For instance, after a February recall of certain Oscar Mayer/Louis Rich fully cooked chicken breast cuts and strips on concerns that food was contaminated with listeria monocytogenes, few of the shoppers polled seemed to connect the brand with the recall. In fact, the Harris poll showed that 14%of participants believed Tyson Foods was the manufacturer of the bad chicken, 3% named Perdue, and only 2% correctly identified Oscar Mayer as the purveyor of the tainted goods.
Despite the numbers and consumer calls to its help line inquiring about the recall, Tyson actually got a bump from Oscar Mayer''s debacle. "Our sales increased as consumers have switched to Tyson, since the competitor involved in the recall temporarily withdrew from the category," said Tyson rep Gary Mickelson. Oscar Mayer declined comment.
Peter Pan wasn''t so fortunate. Of those polled, 42% correctly identified Peter Pan as the recalled brand, and 4% singled out Great Value (which was also a subject of the recall). But that didn''t mean others didn''t get dragged into the fire: 8% of respondents thought Jif brand peanut butter was the offender and 4% pointed their fingers at Skippy.
"It''s all how you handle it and how big the news is," said Trout, adding that brands need to move quickly to diminish consumer impact at a time when the speed of information and plethora of brands in the marketplace provide less time for corporate maneuvering. "A lot of recalls are inside baseball and happen inside a smaller group, but it gets bad if it becomes a much more difficult public relations issue. The more people learn about it, the more difficulty you''re going to have [as a brand]."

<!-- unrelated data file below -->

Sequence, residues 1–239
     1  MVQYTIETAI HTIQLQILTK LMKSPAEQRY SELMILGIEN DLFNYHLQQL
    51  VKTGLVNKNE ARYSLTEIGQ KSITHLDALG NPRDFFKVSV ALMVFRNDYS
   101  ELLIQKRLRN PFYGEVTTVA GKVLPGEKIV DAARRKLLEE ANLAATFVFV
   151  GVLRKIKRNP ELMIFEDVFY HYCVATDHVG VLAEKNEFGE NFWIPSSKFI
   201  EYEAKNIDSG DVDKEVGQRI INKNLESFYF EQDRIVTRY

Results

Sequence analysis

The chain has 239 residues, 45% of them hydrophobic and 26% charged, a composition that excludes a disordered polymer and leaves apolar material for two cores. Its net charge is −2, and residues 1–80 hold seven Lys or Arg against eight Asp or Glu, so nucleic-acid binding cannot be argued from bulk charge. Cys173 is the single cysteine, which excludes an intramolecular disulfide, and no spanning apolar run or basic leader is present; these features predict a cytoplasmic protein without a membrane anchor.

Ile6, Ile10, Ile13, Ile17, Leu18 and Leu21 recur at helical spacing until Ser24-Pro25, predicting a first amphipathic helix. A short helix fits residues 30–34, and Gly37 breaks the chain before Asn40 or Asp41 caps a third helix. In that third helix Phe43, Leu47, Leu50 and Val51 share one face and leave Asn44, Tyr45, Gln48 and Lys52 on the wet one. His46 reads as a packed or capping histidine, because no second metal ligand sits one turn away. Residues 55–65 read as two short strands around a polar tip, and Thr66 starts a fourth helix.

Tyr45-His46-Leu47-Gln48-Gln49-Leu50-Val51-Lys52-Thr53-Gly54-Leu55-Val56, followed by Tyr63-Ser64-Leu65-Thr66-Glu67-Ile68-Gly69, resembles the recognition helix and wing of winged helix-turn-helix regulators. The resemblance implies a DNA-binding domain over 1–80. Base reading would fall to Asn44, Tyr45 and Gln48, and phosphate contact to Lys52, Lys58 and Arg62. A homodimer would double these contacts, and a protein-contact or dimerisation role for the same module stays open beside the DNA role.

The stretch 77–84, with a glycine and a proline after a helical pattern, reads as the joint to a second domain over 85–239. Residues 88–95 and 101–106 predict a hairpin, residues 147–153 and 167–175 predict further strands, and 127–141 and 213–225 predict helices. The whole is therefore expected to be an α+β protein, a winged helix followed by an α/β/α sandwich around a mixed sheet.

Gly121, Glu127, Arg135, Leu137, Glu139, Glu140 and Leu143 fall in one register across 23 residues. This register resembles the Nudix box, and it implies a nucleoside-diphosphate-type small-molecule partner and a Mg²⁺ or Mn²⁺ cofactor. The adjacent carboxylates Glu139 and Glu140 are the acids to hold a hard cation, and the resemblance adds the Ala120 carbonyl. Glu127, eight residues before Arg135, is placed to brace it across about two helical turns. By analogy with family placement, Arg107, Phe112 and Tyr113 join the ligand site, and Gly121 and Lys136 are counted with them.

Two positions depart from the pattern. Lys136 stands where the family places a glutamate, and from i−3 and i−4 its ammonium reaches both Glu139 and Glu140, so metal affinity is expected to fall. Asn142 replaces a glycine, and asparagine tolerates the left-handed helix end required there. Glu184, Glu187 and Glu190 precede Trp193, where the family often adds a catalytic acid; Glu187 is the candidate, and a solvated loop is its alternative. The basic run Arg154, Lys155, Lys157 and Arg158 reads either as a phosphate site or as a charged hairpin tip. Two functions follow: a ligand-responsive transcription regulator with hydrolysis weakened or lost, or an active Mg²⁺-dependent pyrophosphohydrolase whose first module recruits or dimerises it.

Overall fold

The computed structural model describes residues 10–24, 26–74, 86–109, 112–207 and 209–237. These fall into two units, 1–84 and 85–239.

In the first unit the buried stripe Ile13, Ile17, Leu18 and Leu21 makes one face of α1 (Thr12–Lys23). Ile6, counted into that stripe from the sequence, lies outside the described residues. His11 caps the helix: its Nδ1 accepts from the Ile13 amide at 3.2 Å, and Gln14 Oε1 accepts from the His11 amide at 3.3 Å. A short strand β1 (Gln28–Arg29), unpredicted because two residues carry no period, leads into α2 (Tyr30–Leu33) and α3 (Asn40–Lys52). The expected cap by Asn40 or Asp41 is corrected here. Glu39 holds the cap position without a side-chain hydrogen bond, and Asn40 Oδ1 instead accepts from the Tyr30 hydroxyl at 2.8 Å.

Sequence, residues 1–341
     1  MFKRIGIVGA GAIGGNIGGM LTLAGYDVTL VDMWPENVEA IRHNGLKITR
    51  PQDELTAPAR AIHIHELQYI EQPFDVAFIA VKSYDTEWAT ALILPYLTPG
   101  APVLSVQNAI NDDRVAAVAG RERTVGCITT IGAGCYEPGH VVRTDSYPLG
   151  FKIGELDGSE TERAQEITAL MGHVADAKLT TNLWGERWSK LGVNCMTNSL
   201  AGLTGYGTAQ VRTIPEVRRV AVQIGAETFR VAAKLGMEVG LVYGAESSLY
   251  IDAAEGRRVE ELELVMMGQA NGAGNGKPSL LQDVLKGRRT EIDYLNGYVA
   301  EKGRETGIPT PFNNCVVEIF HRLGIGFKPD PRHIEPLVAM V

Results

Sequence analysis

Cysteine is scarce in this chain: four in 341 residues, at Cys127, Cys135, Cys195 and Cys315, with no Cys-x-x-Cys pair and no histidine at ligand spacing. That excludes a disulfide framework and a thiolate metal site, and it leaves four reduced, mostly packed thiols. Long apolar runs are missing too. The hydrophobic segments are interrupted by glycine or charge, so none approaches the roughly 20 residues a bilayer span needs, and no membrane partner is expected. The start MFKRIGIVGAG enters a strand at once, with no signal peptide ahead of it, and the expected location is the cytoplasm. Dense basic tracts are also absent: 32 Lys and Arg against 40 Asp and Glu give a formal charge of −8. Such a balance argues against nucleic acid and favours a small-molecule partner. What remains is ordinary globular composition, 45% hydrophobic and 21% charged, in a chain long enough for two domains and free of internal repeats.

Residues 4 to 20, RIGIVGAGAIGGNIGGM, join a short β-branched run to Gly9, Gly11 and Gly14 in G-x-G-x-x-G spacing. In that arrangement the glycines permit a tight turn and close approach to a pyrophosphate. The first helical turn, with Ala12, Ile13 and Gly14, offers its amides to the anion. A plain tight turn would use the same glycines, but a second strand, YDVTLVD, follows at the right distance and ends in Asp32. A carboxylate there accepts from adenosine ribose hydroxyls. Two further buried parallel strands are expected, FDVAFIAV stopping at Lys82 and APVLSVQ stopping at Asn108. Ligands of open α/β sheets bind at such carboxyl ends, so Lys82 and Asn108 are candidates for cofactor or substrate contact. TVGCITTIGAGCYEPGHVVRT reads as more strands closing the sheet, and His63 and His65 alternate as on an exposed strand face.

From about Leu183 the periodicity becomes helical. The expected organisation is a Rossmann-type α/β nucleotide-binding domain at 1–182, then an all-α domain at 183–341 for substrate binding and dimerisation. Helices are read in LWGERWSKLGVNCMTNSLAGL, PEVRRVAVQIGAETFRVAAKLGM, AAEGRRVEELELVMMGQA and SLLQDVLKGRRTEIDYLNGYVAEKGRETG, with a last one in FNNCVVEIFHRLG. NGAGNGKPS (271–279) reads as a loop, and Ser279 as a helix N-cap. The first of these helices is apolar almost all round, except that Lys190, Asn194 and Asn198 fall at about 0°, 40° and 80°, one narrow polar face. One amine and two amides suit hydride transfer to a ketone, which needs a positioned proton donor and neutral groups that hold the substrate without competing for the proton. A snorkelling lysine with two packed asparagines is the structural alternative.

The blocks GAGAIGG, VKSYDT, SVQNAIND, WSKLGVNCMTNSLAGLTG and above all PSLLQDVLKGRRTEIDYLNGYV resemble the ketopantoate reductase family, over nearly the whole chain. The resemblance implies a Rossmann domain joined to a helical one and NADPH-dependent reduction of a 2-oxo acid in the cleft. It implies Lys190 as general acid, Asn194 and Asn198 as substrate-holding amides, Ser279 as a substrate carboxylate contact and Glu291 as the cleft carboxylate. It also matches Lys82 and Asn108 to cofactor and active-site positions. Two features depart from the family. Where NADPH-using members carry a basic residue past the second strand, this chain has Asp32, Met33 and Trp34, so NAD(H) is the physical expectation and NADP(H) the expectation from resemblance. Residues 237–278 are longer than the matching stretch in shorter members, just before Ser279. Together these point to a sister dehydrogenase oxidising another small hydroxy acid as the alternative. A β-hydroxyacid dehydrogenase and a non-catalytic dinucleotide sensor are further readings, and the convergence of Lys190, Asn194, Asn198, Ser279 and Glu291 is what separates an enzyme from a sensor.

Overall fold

ConAgra''s Childs said the company has since made a significant investment in remodeling its Sylvester, Ga., plant so that "not only are we addressing the most probable causes of the salmonella contamination, but we''re also taking the opportunity to install state-of-the-art equipment and designs for the plant. We''ve been very transparent in the steps that we''re taking to address the cause of the contamination."
Still, for many consumers, it''s too little, too late.